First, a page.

Primary Sources in Science Classrooms: Concussions, a Century of Controversy, and Football

This post was written by Trey Smith, the Library of Congress 2015-16 Science Teacher in Residence.

In 1905, nineteen high school and college students died after sustaining football-related injuries. An article in the Salt Lake Tribune outlines efforts to address deaths and injuries associated with football. A century later, controversy persists concerning concussions.

Salt Lake City Tribune, December 17, 1905

Salt Lake City Tribune, December 17, 1905

Minneapolis Journal, November 27, 1905

Minneapolis Journal, November 27, 1905

Science and health teachers can tackle brain science using current and historical primary sources about football. Teachers can arrange a gallery walk, jigsaw activity, or stations with primary sources to tease out the specifics of the events of 1905.

Select questions from the Teacher’s Guide: Analyzing Newspapers to elicit students’ observations, reflections and questions about the reports. Then students will want to investigate further, perhaps exploring how the brain is affected by traumatic injury. Primary sources about football injuries can kick off learning about the brain, its regions, and its circuit, as well as about information processing in complex organisms.

Connecting brain science and football can engage students as they apply classroom learning to real-world concerns:

  • How do the quantity and quality of today’s injuries, especially those to the head, compare to those of the past?
  • What more do we know medically and scientifically? What do scientists still not know?

Inquiry into football and the brain could include a comparison between football of a century prior and the modern game. A 1903 video recording by Thomas Edison of a game between Princeton and Yale offers a look at football before the nationwide uproar.

  • What stands out as the style of play?
  • How does it compare to today?
  • How might the style of play affect human health and the brain specifically?

Check out a recent blog post by Tom Bober, the Library’s audio-visual Teacher in Residence, on analyzing this and other videos.

Students might also look at public policy and legislation. President Roosevelt was involved in the 1905 reforms. In 2014, the Senate Committee on Commerce, Science and Transportation released a Report on the Youth Sports Concussion Act that addressed the sale of products claiming to reduce concussions. While the bill described by the committee report never became law, it provides an example response to the complex issue of football-related injuries.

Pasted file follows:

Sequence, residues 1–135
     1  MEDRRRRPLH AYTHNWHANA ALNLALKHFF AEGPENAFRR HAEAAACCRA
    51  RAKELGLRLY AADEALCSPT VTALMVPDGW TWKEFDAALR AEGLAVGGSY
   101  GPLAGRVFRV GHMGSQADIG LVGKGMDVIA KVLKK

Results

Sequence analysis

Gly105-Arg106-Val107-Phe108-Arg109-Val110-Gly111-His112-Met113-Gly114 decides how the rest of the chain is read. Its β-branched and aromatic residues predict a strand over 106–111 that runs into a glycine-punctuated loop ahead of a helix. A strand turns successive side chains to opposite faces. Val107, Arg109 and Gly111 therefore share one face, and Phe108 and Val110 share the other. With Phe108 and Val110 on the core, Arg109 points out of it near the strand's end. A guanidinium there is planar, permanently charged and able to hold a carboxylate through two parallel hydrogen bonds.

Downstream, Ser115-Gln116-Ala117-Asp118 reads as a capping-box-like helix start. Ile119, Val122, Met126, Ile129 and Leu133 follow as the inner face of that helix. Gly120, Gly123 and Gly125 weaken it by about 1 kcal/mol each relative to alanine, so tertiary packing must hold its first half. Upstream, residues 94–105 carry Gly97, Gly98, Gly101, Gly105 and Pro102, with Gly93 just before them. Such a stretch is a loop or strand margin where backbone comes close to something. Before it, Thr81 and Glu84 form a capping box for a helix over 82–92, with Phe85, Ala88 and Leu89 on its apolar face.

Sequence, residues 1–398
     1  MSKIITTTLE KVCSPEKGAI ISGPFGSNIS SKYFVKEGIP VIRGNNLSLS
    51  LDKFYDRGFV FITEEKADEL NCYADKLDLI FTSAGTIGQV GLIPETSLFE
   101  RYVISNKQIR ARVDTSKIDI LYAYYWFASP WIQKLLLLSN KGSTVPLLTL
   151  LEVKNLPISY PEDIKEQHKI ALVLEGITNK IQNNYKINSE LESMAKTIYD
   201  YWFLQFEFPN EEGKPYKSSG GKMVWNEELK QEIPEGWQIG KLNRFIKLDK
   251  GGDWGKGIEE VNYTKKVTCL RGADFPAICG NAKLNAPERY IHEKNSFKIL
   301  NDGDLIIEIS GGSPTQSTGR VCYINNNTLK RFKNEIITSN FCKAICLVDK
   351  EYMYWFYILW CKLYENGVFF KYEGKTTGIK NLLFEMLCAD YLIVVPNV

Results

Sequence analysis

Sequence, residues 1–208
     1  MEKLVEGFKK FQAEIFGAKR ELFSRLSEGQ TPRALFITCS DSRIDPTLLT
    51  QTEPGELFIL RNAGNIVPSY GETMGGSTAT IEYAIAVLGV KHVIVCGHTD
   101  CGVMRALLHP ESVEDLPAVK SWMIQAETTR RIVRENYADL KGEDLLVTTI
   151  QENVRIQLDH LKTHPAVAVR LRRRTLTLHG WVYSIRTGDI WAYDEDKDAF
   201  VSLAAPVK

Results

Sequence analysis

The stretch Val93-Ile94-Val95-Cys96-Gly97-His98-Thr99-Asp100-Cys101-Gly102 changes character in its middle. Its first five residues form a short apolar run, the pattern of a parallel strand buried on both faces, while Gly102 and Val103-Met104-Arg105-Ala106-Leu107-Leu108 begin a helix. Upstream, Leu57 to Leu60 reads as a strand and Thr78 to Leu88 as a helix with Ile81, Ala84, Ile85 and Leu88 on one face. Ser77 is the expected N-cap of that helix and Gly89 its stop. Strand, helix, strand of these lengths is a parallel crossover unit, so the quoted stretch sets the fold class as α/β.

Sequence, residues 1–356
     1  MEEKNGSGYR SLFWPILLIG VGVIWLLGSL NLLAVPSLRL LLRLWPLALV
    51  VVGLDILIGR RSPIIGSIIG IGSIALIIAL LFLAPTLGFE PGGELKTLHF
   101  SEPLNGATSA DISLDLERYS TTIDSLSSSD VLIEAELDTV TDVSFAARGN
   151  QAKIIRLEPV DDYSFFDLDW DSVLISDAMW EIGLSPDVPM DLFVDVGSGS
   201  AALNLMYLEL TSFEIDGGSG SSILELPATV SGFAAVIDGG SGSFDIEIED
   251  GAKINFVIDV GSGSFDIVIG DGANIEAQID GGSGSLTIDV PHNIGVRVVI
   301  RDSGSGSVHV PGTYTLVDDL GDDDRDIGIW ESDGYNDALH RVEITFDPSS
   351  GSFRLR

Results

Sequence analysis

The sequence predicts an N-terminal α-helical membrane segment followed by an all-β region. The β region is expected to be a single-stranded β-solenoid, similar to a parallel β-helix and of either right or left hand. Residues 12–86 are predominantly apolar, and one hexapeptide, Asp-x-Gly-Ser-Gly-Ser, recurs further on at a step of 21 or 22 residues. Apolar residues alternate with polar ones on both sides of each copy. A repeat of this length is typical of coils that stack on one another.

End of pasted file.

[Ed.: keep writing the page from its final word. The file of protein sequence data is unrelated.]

Youth Sports Concussion Act

Youth Sports Concussion Act

Teachers using problem-based learning models may assign students stakeholder roles: player, coach, parent of a player, league president, legislator, doctor, neuroscientist, equipment engineer, or even U.S. President. In 1905, just as is the case today, not everyone agreed that football should be seen as dangerous. Students could study the issues and advocate for a path forward. Students might design solutions using engineering principles or engage in arguments about public, organization, or league policy using evidence.

Advances in neuroscience and improved—but still incomplete—understanding of the brain require greater attention from science teachers. What other aspects of the controversy surrounding football might lead to deeper learning about the brain?

One Comment

  1. Cindy Rich
    November 5, 2015 at 8:06 am

    Great post, Trey and Danna! I’m going to share this with science, health and physical education friends to remind them that the Library of Congress has resources for every content area!
    Thanks!

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